Computers seem to be virtually limitless in their abilities – they can send and receive digital information, serve content via many defined protocols, compute algorithms much faster than a human can, and even provide countless hours of fun and entertainment. One very common use of computers is indeed serving content to consumers, a technological concept known as client / server model. A simple metaphor: a consumer (or a client) goes (makes a connection request) to a place of business (or a server) and peruses the content therein. The bottom line is that a server hosts and provides resources and content to clients requesting said resources.
The way the clients and servers communicate is in terms of protocols, or a predefined method of communication between multiple networked hosts. A prominent protocol used nowadays is the HTTP protocol in our ever-beloved usage of the Internet. Other protocols that make our lives much simpler, without diving too far into their technical details, include: TCP, or really the TCP/IP suite, that essentially allows communication between computer systems (identified by IP addresses) in a reliable manner (TCP); DHCP, which saves many network administrators the headache of manually assigning IP address to their userbase; DNS, which negates the need of humans to remember yet another numerical identifier (or multiple IP addresses of their favorite websites); NTP, that allows for proper time alignment; and ARP, which works with MAC and IP address matching on a local network. If you’re interested in other common networking protocols and a description of the above protocols and more, refer to this article.
This article is written based on the client / server architecture model and discusses perspectives based on the model, though other architectures work in similar ways. That is, any network communication you have between multiple networked hosts will more or less follow the same basis as the client / server architecture.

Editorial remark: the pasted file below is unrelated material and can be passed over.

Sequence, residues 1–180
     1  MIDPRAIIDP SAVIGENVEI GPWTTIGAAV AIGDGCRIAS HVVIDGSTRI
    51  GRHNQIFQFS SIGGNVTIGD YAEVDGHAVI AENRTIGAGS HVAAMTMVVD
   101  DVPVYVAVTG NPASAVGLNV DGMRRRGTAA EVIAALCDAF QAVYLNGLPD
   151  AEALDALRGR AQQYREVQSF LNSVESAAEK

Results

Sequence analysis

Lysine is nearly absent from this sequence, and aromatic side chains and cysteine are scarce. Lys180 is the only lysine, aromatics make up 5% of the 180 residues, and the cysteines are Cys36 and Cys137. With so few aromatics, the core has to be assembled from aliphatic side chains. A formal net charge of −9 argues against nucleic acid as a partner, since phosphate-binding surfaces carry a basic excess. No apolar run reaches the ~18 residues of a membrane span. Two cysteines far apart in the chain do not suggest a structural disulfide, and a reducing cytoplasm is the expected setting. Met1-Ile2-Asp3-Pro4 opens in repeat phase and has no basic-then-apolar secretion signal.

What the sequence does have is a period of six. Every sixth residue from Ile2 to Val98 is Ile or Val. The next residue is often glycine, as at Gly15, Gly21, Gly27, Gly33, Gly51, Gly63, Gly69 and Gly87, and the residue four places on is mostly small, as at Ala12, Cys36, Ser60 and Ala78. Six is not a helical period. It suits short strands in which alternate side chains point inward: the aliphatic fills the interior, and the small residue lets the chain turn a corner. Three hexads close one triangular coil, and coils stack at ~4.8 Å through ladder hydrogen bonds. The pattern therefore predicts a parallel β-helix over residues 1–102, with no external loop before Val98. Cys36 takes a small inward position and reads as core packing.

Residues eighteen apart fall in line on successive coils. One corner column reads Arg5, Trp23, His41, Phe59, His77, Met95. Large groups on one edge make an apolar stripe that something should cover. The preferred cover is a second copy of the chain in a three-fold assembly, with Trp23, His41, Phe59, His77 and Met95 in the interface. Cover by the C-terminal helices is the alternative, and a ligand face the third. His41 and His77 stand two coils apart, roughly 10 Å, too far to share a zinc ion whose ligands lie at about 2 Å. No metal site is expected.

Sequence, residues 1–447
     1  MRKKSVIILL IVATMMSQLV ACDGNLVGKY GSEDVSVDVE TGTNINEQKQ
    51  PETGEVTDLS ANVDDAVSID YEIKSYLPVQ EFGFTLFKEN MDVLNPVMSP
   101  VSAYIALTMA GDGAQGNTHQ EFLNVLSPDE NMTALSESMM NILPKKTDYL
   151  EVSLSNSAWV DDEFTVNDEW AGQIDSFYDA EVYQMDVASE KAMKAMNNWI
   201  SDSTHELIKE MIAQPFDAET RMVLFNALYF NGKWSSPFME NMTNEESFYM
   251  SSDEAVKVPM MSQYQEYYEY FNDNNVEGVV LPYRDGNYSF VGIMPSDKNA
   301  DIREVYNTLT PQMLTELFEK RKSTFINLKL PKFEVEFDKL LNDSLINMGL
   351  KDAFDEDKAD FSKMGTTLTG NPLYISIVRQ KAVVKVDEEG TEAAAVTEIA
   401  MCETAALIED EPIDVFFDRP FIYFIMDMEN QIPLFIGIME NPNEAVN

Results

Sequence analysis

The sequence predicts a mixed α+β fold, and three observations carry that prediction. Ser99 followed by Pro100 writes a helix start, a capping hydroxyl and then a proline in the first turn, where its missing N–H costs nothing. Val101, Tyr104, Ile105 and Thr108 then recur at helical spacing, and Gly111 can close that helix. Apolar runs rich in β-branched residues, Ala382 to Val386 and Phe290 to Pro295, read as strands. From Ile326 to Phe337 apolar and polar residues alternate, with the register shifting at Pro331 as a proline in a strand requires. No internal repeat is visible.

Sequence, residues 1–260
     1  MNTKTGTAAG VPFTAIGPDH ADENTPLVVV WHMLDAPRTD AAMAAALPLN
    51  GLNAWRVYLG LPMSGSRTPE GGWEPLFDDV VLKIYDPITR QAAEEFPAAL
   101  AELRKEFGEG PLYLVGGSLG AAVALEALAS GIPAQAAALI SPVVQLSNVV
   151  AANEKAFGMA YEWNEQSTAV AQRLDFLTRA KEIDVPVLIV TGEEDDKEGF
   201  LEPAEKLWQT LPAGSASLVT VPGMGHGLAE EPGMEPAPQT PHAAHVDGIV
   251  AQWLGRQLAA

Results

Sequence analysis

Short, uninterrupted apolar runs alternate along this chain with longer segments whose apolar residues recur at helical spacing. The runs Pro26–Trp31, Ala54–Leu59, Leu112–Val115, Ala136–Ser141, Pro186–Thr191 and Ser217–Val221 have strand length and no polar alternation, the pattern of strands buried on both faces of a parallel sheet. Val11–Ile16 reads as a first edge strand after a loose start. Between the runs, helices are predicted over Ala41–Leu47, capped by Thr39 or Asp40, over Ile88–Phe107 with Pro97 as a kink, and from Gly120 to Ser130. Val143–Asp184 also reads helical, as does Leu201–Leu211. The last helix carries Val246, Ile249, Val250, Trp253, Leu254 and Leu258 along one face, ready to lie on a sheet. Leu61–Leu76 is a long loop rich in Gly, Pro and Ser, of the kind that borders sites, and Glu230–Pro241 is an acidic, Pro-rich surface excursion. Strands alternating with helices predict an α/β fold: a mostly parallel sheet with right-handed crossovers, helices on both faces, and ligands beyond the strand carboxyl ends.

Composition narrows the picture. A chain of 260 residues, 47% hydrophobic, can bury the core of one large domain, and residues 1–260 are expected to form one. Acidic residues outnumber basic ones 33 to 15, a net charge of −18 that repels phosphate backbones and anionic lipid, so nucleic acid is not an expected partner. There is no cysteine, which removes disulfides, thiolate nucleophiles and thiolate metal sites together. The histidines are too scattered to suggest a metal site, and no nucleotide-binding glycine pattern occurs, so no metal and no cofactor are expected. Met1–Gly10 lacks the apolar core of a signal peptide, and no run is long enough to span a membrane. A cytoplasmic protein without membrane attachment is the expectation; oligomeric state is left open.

How Servers Serve Services
Let’s assume that a business wanted to serve certain content to their userbase. They can create a website describing the business that is accessible using the HTTP protocol. In addition, they can offer file downloads (if applicable) that are accessible via the FTP protocol, or any of the other abundant protocols available. It is also entirely possible to serve content multiple ways from the same machine to meet the needs of varying clients – some may not want to use web access and prefer downloading content via FTP, for instance.
The way a server knows which service to serve is by the requested port number indicated by an incoming connection request. A sample connection may include: source IP address, destination IP address, source port, destination port, as well as protocol being used. When the server receives the connection request over a port, that server system (physical hardware itself) should have server software with an available socket that is bound on that port. For instance: port 80 is the common port for HTTP, 443 is for HTTPS, and 21 is for FTP. Once a connection is established, that is, the kernel sends the request to the appropriate software listening on that port, the server may offload that request internally to allow for further incoming connection requests on that same port. This StackOverflow post is rather technical but provides great insight on how this is done.
Depending on what server software is configured, a web server or FTP server, then that software determines how communications will be further handled. Each protocol is designated and specified by their appropriate RFC number. Request for Comments (RFC) are standards that detail out how each protocol will allow communication between connecting clients. There are numerous special keywords used to identify what the behavior of the software should be. For instance: HTTP has a GET keyword that queries a resource on a specific host.
Fun fact, there are 65,535 TCP ports and 65,535 UDP ports on a computer! In other words, a server can serve a lot of different services over TCP or UDP. Granted each service would share the pool of available resources (RAM, CPU, storage utilizations) on the system itself, so it may not be wise to have everything hosted on a single computer system. Another consideration in this would be how many clients are accessing the server content simultaneously. If you wanted to personally have a test server setup, I wouldn’t suspect this being an issue at all. In fact, I have a single system acting as a web server and FTP server at home, among other services.
How Do Clients and Servers Communicate